A new action group intends to help Commonwealth countries, including African member states, rapidly cut emissions of the potent greenhouse gas methane as part of wider efforts to keep rising global temperatures within liveable limits.
The country-led coalition was announced at a ministerial event on the margins of the United Nations Climate Change Conference (COP28) in Dubai.
Methane, the main greenhouse gas after carbon dioxide, is responsible for over a third of the current global temperature rise. It is more than 80 times more powerful in trapping heat than carbon dioxide in the short term.
Cutting methane emissions is one of the fastest and most cost-effective ways of slowing global heating, according to the Intergovernmental Panel on Climate Change report. A reduction of 45 per cent by 2030 is necessary to keep the Paris Climate Agreement’s target of limiting global heating to 1.5 degrees Celsius within reach.
The action group will be made up of Commonwealth countries and partners committed to sharing knowledge, expertise, technology, and policy solutions to reduce methane emissions and effect broader positive change.
Integral to the group will be the Commonwealth Secretariat’s support, drawing on its extensive experience in assisting countries, including Belize, Ghana, Namibia, Tanzania and Uganda, to tackle methane emissions in the oil and gas sector.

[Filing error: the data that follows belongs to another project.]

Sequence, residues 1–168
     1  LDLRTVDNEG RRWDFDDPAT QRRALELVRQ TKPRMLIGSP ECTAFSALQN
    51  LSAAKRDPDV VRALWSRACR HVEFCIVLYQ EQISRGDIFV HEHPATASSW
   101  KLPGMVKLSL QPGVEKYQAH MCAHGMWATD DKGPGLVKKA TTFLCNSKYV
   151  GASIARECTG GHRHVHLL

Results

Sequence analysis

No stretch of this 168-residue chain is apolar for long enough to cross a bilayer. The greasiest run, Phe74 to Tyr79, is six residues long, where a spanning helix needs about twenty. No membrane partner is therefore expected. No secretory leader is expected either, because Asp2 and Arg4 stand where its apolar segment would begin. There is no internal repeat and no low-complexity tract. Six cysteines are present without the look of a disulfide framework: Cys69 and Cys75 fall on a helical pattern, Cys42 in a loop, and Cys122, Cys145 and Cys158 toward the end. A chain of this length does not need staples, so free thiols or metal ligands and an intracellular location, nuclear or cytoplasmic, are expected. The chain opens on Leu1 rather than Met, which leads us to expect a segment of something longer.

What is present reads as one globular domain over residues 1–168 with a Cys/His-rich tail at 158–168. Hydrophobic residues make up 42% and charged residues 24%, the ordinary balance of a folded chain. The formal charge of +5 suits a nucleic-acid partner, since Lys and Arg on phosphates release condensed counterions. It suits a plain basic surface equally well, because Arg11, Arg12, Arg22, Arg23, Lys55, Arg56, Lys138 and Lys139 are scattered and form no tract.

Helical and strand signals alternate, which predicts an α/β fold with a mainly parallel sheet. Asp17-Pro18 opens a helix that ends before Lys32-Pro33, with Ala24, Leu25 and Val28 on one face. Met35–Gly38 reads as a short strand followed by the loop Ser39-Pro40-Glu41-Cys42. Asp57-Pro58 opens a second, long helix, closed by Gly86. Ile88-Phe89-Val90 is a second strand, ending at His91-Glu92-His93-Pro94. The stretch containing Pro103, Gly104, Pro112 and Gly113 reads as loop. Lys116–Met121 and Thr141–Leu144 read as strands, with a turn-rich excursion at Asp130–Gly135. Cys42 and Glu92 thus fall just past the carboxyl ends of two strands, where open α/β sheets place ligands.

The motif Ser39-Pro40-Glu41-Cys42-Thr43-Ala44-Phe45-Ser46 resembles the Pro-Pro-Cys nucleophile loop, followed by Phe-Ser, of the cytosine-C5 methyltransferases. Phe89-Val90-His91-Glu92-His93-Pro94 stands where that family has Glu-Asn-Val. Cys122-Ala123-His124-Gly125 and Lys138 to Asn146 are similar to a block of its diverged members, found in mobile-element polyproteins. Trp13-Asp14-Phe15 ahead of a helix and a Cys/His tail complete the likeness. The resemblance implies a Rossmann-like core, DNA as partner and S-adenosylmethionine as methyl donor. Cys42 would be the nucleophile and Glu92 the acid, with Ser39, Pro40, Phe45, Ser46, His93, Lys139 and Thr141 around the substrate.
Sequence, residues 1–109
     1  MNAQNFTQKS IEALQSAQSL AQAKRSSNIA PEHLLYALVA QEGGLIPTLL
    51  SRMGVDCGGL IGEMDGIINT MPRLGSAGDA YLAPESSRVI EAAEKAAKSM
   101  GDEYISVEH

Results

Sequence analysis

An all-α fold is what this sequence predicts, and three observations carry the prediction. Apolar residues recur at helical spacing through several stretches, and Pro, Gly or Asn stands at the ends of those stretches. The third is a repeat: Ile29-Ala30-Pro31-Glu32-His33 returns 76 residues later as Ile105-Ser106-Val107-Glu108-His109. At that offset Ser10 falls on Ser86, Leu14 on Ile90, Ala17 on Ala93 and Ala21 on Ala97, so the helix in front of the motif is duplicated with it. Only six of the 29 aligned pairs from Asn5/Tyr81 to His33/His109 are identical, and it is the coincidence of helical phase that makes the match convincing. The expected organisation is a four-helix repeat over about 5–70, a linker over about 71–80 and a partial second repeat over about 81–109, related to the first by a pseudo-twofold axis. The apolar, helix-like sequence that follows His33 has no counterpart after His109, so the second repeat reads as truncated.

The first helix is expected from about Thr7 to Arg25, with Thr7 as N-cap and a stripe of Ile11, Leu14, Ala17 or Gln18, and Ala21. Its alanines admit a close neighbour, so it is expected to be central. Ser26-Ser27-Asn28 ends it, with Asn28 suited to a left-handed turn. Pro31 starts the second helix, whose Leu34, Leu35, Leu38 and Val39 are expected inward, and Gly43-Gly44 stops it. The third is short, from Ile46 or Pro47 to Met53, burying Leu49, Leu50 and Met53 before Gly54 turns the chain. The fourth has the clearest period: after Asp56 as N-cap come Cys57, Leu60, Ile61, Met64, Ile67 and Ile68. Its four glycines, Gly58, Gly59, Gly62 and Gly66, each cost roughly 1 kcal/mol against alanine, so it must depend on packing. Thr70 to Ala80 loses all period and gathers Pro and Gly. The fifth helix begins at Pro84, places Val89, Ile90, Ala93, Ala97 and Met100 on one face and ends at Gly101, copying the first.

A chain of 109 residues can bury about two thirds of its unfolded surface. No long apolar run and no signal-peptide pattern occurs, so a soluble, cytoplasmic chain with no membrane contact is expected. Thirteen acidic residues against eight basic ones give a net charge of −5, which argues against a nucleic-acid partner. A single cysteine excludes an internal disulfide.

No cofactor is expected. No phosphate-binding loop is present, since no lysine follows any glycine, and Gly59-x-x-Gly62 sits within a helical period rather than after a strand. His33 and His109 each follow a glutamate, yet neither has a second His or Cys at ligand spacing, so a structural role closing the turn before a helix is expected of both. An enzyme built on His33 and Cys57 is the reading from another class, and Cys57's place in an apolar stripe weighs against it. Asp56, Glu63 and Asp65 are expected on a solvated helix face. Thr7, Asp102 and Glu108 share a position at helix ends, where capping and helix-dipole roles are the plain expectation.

Announcing the action group, the Commonwealth Secretary-General, the Rt Hon Patricia Scotland KC, said: “The latest emissions report reveals that we are not on track to meet the Paris Agreement goals because of our collective failure to reduce greenhouse gas emissions.
“Under current policies, warming is likely to be 3 degrees Celsius. Unless we change course now, the existential threat will become an existential reality.
“Coordinated and urgent course correction is needed – and cutting methane emissions is the key.”
The Secretary-General continued: “It gives me great hope to announce our Methane Action Group. I urge all member countries and partners to join this coalition, committing themselves to work together to curb methane emissions. Because I have no doubt that when we work together, we can bend the emissions curve.”
Speaking at the event, Tom Alweendo, Namibia’s Minister of Mines and Energy, outlined his country’s approach to methane.
He said: “Namibia is a net carbon sink and has ambitious low-carbon development strategies to remain so. Our goal is to become a world-class green hydrogen hub and develop our petroleum resources at the lowest possible emissions levels.”
Minister Alweendo added: “Namibia is a signatory of the Global Methane Pledge. The government’s position is clear: we have zero tolerance for flaring and venting, and we will adopt the same for methane emissions.
“With assistance from the Commonwealth Secretariat, we are strengthening our regulatory framework for methane, including through a near-zero methane emission policy and a methane action plan. Through this Commonwealth action group, we look forward to collaborating with various stakeholders to turn these commitments into reality.”
The methane action group is part of the Commonwealth Sustainable Energy Transition Agenda, which aims to fast-track an inclusive, just, and equitable transition to low-carbon energy systems across the Commonwealth.